NEW YORK (AP) — Pedro Almodóvar has finally gotten around to that memoir admirers have wanted him to write.
The Oscar-winning filmmaker has a book out Sept. 24, “The Last Dream,” that publisher HarperVia is calling a “debut collection of short stories.” Almodóvar, who has made a career of out of defying boundaries, has a different definition— more like an anti-definition.
“I’ve been asked to write my autobiography more than once, and I’ve always refused; it’s also been suggested that I let someone else write my biography, but I have always felt somewhat resistant to the idea of a book entirely about me as an individual,” he said in an excerpt from the book released Monday by HarperVia.
"I’ve never kept a diary, and whenever I’ve tried, I’ve never made it to page two; in a sense, then, this book represents something of a paradox. It might be best described as a fragmentary autobiography, incomplete and a little cryptic.”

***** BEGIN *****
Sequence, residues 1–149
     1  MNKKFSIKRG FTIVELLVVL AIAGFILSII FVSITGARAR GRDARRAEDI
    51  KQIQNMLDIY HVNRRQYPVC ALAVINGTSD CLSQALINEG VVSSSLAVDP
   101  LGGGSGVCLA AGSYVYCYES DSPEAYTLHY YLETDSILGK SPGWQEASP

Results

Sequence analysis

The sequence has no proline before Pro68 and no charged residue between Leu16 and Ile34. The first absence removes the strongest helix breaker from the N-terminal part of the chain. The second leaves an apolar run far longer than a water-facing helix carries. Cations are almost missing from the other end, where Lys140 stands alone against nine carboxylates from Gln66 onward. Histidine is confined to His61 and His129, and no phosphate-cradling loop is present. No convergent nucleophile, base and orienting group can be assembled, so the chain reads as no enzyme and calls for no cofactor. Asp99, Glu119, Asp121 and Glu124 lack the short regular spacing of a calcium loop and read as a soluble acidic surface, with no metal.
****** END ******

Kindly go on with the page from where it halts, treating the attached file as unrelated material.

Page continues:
According to HarperVia, “The Last Dream” includes 12 selections from his personal writings, however fragmented, that reflect his “most intimate obsessions.” Stories range from the title piece, about the death of his mother; to an account of a filmmaker in search of painkillers on a bank holiday weekend to the tale of a repentant vampire.
“This compilation of short stories offers a rare glimpse into the life of one of the most influential and eminent directors working today, presenting a narrative that comes closest to a self-portrait, revealing a wildly inventive and unconventional creative mind," HarperVia Editorial Director Juan Mila said in a statement.
Almodóvar, 74, is known for such acclaimed films as “Women on the Verge of a Nervous Breakdown,” “All About My Mother” and “Talk to Her.” His book was translated from the Spanish by Frank Wynne.
HarperVia is a new imprint of HarperCollins Publishers, focused on “extraordinary international voices.”